I felt pretty discouraged when I hit “publish” on my post yesterday. To sum it up, I said something to the effect of: We live in a free world full of self-serving politicians and ratings hungry journalists and crazies and egocentric maniacs that want to tear us down and its up to us to be nice to each other and make it right if we want it right. But when I hit publish I wasn’t exactly sure that anyone really wanted to make anything right.
Last night, I was curled up ready to listen to the President’s speech when I got a phone call and missed the whole thing. So a few minutes ago I went back and reread it.
It’s like he read some of my post and spoke directly to my concerns. I suppose that’s his job, to address what people are worried about. But (and check out this new feeling that I haven’t felt recently) I felt encouraged. He said some really, really good things.
Granted, people actually have to take them to heart, of course.
So anyway, with what few remaining bits of hope I have left hanging in the wind here, I thought I would quote the parts that encouraged me most. Because at least someone gets it. And I’m just glad that person is my President.
But at a time when our discourse has become so sharply polarized – at a time when we are far too eager to lay the blame for all that ails the world at the feet of those who think differently than we do – it’s important for us to pause for a moment and make sure that we are talking with each other in a way that heals, not a way that wounds.
But what we can’t do is use this tragedy as one more occasion to turn on one another. As we discuss these issues, let each of us do so with a good dose of humility. Rather than pointing fingers or assigning blame, let us use this occasion to expand our moral imaginations, to listen to each other more carefully, to sharpen our instincts for empathy, and remind ourselves of all the ways our hopes and dreams are bound together.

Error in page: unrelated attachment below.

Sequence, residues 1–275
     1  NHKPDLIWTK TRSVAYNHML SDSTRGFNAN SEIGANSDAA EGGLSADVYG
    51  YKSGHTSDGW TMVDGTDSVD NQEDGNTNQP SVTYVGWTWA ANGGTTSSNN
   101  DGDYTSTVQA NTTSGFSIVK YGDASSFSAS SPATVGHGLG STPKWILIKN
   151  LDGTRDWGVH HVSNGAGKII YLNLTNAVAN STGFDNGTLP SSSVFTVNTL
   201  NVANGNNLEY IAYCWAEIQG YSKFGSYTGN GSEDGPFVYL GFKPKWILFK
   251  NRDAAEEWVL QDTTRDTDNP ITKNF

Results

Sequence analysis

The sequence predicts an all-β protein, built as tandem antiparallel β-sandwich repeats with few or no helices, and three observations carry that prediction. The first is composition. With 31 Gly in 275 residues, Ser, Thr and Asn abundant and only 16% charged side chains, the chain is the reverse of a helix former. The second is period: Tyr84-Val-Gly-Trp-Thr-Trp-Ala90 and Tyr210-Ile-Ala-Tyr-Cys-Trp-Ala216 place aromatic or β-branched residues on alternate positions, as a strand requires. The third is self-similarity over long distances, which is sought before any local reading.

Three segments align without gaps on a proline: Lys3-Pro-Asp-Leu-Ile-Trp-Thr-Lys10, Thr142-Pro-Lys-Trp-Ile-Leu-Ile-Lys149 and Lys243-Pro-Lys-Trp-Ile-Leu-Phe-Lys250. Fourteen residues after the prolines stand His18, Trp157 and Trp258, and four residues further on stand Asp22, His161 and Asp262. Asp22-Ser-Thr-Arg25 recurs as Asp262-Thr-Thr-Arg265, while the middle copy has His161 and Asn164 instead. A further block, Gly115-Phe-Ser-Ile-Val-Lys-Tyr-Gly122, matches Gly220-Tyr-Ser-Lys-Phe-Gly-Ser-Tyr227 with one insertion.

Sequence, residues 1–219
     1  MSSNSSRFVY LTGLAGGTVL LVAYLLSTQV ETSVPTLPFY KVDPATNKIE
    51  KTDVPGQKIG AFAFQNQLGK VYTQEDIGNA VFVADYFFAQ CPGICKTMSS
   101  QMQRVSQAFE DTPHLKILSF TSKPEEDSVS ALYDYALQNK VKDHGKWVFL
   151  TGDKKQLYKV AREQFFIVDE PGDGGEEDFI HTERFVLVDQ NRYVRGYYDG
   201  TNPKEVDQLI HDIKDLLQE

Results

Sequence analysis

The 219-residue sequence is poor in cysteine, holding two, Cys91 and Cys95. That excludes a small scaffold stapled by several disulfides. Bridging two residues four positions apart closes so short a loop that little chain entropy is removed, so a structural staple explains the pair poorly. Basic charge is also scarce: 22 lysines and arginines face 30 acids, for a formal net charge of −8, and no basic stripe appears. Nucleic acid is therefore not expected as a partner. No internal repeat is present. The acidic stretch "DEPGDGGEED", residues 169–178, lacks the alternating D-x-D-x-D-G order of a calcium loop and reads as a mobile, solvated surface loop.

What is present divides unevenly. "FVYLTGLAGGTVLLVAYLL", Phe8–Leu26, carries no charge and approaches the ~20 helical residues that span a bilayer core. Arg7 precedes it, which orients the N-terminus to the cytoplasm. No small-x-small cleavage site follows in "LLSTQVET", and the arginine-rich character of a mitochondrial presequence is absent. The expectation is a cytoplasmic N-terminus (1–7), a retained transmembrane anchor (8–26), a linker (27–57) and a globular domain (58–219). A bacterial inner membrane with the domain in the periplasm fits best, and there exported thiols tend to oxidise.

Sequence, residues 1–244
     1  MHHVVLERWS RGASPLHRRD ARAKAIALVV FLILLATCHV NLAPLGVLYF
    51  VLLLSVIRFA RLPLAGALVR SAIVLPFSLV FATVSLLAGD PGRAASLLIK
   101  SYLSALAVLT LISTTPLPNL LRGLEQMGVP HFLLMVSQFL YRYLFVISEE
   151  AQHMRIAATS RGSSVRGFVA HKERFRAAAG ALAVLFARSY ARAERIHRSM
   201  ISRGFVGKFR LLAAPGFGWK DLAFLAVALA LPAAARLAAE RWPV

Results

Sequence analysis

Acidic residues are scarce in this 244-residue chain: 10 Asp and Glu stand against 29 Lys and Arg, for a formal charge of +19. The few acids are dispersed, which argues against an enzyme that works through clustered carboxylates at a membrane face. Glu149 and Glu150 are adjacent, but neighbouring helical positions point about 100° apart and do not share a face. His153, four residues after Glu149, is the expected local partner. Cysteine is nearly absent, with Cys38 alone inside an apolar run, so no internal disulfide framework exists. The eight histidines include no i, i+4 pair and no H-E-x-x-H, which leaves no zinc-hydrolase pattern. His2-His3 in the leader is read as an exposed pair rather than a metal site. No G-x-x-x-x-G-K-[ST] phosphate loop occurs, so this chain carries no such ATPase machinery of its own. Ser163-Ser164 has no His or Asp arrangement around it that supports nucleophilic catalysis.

After all, that’s what most of us do when we lose someone in our family – especially if the loss is unexpected. We’re shaken from our routines, and forced to look inward. We reflect on the past. Did we spend enough time with an aging parent, we wonder. Did we express our gratitude for all the sacrifices they made for us? Did we tell a spouse just how desperately we loved them, not just once in awhile but every single day?
So sudden loss causes us to look backward – but it also forces us to look forward, to reflect on the present and the future, on the manner in which we live our lives and nurture our relationships with those who are still with us. We may ask ourselves if we’ve shown enough kindness and generosity and compassion to the people in our lives. Perhaps we question whether we are doing right by our children, or our community, and whether our priorities are in order. We recognize our own mortality, and are reminded that in the fleeting time we have on this earth, what matters is not wealth, or status, or power, or fame – but rather, how well we have loved, and what small part we have played in bettering the lives of others.
If this tragedy prompts reflection and debate, as it should, let’s make sure it’s worthy of those we have lost. Let’s make sure it’s not on the usual plane of politics and point scoring and pettiness that drifts away with the next news cycle.
I believe we can be better. Those who died here, those who saved lives here – they help me believe. We may not be able to stop all evil in the world, but I know that how we treat one another is entirely up to us. I believe that for all our imperfections, we are full of decency and goodness, and that the forces that divide us are not as strong as those that unite us.
– President Obama, Tucson, January 12, 2011